Two top doctors say legal marijuana should be banned for Americans under 25 years old because the drug hampers the developing brain.
Cannabis is legal medically in over half of the US, and recreationally in 10 states and Canada – with other states expected to follow in the coming years, including New York and New Jersey.
We still know very little about what the drug does to humans because it has been illegal, making it difficult for scientists to get access to study it.
But Dr Kenneth L Davis, CEO of Mount Sinai Health System, and Dr Mary Jeanne Kreek, head of the Laboratory of the Biology of Addictive Diseases at Rockefeller University, warn that the few studies we do have all suggest weed deals a heavy blow to teen brains.
Writing in an op-ed for the New York Times, Drs Davis and Kreek call on lawmakers to focus their attention on imposing an age limit to protect young people, before considering how to tax the incredibly lucrative product, or how to ‘breathalyze’ high drivers (which is nowhere near as simple as with booze).
Dr Kenneth L Davis, CEO of Mount Sinai Health System, and Dr Mary Jeanne Kreek, of Rockefeller University, warn the studies we do have all show weed deals a blow to teen brains
‘It’s tempting to think marijuana is a harmless substance that poses no threat to teens and young adults. The medical facts, however, reveal a different reality,’ they write.
In 2010, marijuana was barely legal, marginally available via prescription in 17 states.
But in the last eight years, that has changed: legalization has swept North America, partly in response to the opioid epidemic, amid soaring demand for alternatives to addictive painkillers.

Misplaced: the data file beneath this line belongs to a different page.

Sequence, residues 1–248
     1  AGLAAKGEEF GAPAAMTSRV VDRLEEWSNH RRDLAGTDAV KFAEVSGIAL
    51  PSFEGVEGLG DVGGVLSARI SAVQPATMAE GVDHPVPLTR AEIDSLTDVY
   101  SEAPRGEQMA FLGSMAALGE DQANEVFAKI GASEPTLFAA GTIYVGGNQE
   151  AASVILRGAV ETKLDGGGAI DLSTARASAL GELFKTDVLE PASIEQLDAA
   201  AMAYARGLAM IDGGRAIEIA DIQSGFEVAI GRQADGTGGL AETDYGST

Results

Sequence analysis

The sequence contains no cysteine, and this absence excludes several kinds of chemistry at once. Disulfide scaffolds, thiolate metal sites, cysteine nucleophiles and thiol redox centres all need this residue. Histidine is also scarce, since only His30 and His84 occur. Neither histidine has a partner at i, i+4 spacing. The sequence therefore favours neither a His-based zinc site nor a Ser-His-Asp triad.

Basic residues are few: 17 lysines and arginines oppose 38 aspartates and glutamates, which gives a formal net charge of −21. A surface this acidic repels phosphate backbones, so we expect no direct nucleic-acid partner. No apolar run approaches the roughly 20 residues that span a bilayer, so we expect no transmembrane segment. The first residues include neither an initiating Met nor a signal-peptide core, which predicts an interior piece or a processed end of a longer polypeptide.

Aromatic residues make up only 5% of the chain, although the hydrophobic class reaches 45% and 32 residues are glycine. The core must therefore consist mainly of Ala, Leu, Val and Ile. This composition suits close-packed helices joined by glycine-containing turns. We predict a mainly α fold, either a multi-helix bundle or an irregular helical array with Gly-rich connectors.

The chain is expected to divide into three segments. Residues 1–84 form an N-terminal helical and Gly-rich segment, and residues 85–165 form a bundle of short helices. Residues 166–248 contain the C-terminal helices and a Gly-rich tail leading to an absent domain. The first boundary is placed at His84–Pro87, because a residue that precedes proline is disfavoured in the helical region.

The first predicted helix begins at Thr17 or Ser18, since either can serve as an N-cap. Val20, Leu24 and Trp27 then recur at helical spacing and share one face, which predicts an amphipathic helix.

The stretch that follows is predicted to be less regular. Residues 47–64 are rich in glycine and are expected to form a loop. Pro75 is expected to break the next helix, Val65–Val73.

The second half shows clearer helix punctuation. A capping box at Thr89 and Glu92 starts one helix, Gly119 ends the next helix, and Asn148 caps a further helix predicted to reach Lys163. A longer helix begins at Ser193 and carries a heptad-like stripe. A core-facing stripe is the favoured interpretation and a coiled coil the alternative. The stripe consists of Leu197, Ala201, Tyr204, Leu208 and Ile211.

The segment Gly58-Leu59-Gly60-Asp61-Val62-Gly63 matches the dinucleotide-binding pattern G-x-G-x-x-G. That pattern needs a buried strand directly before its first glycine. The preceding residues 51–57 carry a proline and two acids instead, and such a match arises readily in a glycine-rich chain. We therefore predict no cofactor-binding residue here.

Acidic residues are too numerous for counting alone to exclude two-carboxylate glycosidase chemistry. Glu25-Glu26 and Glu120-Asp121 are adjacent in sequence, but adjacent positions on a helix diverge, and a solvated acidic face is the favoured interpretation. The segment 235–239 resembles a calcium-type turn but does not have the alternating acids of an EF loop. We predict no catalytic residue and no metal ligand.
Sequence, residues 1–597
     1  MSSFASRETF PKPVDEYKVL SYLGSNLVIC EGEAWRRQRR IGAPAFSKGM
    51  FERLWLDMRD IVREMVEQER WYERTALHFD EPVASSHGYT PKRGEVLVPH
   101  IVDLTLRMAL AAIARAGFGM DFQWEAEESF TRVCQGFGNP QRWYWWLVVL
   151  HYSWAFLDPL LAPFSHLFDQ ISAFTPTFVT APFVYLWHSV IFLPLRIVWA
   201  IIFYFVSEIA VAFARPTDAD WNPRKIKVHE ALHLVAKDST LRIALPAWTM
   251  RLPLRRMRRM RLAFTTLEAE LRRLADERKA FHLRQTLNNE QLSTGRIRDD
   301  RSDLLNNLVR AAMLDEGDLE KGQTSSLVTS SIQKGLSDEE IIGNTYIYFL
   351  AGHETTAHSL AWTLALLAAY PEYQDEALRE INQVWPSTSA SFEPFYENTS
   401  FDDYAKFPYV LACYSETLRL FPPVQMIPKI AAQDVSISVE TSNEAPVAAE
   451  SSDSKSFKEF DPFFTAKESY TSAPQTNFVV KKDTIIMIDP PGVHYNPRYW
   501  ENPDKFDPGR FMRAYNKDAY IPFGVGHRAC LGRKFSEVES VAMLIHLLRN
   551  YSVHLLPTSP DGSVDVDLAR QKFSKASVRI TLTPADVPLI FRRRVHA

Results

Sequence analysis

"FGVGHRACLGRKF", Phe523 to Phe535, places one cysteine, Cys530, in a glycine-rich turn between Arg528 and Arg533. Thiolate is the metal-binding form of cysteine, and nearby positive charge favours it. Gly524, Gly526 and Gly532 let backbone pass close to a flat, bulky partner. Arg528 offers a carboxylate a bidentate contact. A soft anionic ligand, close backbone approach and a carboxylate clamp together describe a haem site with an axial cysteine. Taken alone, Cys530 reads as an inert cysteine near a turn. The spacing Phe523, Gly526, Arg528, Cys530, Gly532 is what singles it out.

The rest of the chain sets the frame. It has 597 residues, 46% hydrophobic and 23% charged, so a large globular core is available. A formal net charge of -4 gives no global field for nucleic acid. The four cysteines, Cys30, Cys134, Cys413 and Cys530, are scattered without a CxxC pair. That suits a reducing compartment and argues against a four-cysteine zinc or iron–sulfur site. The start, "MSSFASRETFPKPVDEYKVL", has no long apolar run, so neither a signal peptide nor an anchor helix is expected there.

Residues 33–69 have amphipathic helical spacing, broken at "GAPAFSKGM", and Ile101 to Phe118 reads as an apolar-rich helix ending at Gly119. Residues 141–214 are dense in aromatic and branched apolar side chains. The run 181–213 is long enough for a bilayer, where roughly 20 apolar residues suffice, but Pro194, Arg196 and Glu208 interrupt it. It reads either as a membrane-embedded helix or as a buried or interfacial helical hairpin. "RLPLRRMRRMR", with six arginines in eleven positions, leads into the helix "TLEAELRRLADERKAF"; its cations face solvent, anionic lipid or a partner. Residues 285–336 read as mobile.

Now, it is legal in recreationally in 10 states, and medically in 33. In Canada, where marijuana was legalized recreationally in October 2018, anyone over 18 can consume weed. In most states, the age limit is 21, as would be the case for New York and New Jersey.
To get here, the drug has been successfully marketed as a ‘natural’ medicine, with claims it can work as a numbing agent, anxiety treatment, or sleep aid.
Now, more than two-thirds of Americans support legalizing recreational marijuana, and data show teens are increasingly trying weed before they try alcohol.
But Drs Davis and Kreek warn ‘natural’ does not mean ‘harmless’, particularly for the youngest users.
They cite eight peer-reviewed studies suggesting that 25 would be a better cut-off limit.
‘Researchers who tracked subjects from childhood through age 38 found a consequential I.Q. decline over the 25-year period among adolescents who consistently used marijuana every week,’ they wrote.
‘In addition, studies have shown that substantial adolescent exposure to marijuana may be a predictor of opioid use disorders.’
One of the studies found THC (the psychoactive part of the drug) altered brain connections in teen users, impacting ‘cognition, including learning, attention and emotional responses.’
‘Simply because society has become more accepting of marijuana use doesn’t make it safe for high school and college students.’
As for benefits of cannabis, evidence supports four:
- For those that like to feel high, THC (the psychoactive property in the marijuana plant) does make you feel high.
- The National Academy of Medicine says medical marijuana has been shown to ease pain and nausea for patients on chemotherapy – but that more trials are needed before they could properly endorse that.
- The National Academy of Medicine says that CBD (the non-psychoactive part of cannabis) has provided relief for some epilepsy patients, but scientists have struggled to replicate those findings widely so they stopped short of a thumbs up.
- The drug may offer some relief for the growing number of people with anxiety, the Academy said, but more studies are needed.
Beyond that, there isn’t sufficient research beyond anecdotal evidence, and there is no research to support the myth that cannabis could cure cancer.
US Surgeon General Jerome Adams has widespread support in his call for more research, not necessarily broader use of the drug.
Drs Kreek and Davis agree, and call for a slow-down to the fast-paced legalization wave
‘Cigarettes and alcohol, both legal, have caused great harm in society as well as to people’s health, and have ruined many lives. Marijuana may do the same,’ they write.